Wednesday, November 9, 2011

Rent Control Referendum Fails.... Amendment Changes Passed Unanimously in April Go Into Effect

Just in case any of you missed what was going on... back in April the City Council unanimously passed an Ordinance the amended Hoboken's Rent Control Ordinance to add better controls and limits to rent control disputes back in April.  A group of long term Tenants challenged it by getting enough petition signatures within the requisite time from when the amendments passed to put the question to a public vote by way of referendum.

The question on the ballot was asking 'do you wish to reverse the April changes'?  The public answered with a resounding "NO".

The changes in April in a nutshell were as follows:

The amendment reset the base year from which rent increases were calculated from 1981 to 1985 based on the belief that the amendment that went into effect in 1981 lacked an adequate registration process opening up the Ordinance for lack of clarity on what was the proper base rent - ie  if someone didn't properly record the 1981 rent, how could it be enforced?

The amendment in April also required Landlords to provide a disclosure, disclosing that Hoboken has a rent control Ordinance giving the Tenant 2 years to investigate and file a claim of non-legal rent.  That is, the Landlord has to inform the Tenant that rent control exists and the Tenant has 2 years to put in a claim that they were over charged.  In the event the Tenant does not act in that period, he/she can file a claim and have the rent rolled back to the proper amount but cannot collect overpayments.

The way the original Ordinance was written the word "Tenant" was not limited to who was in the apartment at the time the claim was made but included all Tenants back to the point where a proper rent was documented and charged.  For example, if a Tenant files a claim of overpayment and he was in the apartment for let's say, 13 months but a legal rent has not been charged or documented for 10 years spanning 5 Tenants, under the old Ordinance, the current Tenant was entitled to collect over payments not just for 13 months but 10 years and 5 Tenants back.  The amendment changes put in in April that will now be implemented prevent this win fall for Tenants and protect Landlords who may have unwittingly bought a property not knowing that rents have not been charged properly.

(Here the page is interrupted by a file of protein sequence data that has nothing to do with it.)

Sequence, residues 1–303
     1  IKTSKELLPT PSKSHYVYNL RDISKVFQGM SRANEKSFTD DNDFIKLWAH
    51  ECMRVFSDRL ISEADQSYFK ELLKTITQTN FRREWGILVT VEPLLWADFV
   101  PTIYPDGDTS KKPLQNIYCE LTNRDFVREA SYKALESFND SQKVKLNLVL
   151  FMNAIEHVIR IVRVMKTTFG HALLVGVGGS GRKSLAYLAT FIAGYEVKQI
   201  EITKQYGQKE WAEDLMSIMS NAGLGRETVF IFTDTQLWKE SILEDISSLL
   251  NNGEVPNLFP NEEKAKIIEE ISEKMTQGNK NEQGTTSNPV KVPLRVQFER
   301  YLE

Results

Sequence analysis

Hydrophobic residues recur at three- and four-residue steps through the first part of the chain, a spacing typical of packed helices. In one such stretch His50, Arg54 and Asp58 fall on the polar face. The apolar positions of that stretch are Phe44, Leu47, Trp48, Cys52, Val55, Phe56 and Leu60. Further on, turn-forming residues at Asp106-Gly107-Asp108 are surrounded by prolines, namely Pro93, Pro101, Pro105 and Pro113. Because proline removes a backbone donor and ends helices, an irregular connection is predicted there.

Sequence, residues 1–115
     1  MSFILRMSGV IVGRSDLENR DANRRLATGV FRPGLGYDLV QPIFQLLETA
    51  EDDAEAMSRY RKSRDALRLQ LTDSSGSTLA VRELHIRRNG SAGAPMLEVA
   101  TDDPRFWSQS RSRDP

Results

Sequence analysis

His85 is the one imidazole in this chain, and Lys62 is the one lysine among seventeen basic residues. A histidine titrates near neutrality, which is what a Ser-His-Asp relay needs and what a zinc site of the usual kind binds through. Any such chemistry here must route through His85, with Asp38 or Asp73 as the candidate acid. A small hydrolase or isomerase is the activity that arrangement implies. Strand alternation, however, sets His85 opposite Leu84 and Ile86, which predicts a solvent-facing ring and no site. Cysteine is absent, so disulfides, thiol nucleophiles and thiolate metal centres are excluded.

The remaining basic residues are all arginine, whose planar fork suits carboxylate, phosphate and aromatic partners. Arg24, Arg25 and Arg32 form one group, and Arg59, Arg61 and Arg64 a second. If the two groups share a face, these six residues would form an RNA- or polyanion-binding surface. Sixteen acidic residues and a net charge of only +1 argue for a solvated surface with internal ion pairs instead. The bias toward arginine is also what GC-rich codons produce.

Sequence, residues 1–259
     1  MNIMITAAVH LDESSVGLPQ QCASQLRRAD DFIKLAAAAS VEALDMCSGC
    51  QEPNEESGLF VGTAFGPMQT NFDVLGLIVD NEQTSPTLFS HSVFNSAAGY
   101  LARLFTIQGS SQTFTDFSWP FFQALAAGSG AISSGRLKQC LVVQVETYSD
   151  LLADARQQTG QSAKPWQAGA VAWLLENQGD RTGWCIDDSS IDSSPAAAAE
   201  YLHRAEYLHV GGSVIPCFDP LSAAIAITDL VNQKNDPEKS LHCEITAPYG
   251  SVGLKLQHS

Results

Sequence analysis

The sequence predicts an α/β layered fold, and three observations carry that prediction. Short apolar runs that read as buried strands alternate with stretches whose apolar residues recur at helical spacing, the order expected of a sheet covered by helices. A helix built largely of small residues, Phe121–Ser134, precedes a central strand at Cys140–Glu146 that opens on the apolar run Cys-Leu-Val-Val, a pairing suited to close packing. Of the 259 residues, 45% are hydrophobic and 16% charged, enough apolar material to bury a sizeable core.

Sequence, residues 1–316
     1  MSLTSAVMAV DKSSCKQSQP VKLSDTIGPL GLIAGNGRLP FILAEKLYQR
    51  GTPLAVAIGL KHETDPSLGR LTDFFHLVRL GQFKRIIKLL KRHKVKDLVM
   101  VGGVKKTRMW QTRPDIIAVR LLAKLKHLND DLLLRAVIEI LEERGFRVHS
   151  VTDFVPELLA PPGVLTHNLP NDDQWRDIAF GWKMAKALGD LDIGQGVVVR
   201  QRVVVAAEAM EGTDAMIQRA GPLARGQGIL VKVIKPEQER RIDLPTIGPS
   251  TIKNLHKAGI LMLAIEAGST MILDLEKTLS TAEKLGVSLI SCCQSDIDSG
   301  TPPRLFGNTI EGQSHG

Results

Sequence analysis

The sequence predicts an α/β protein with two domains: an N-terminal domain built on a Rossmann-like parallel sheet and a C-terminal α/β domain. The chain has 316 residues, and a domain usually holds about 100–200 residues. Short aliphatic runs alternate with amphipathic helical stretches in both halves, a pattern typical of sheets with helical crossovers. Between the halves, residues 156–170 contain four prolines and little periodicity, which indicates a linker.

Part of the rationale was that a courts case involving the rent control ordinance showed that the city, at times, failed to keep proper records even though the Landlord could evidence in court that proper papers were filed.  There really was no sure fire way of being able to determine prior to purchase that proper rents were being charged.  These amendments attempt to amicably resolve the conflict created by poor city record keeping yet giving Tenants some recourse to act in a reasonable timeframe.

It also allows a landlord to use alternate proof other than having registered annual rents with the city, to prove the rental history.  Previously, you were suppose to fill out a form where you stated what rents your are charging.  If a Tenant moved out and the landlord were to move in and move out again the landlord could have raised the rent by 25% based on the vacancy decontrol rules.  Many landlords did not file this paperwork but increased the rent.  Because they had not filed the vacancy decontrol paperwork, the city would not give them credit for having lived in the unit and landlords were found to charged too much rent even though they had lived in the unit and had they only filed the form the rent charged would have been legal.  Landlord's can now use alternate proof such as fully executed leases. 

Keep original Lease copies.

I always tell my clients you want original lease copies at the end of the lease process.  I know people have scanners and fax machines and you can use that to receive a lease from a new Tenant in order to stop showing the property but in the end you want to make sure all parties have a fully executed lease copy.  This is a good reason why.  You need to hold onto your originals until you sell the property.

As soon as the new amendment is codified, I will update my rent control section on the lower right of the home page with the new ordinance.

Here are some prior articles on rent control.

As usual, information here is deemed reliable but not guaranteed.  Please consult an attorney on the interpretation of the law and all legal matters.

Proposed Rent Control Changes (Article posted prior to April 2011 Amendment)

Information provided by
Donna Antonucci

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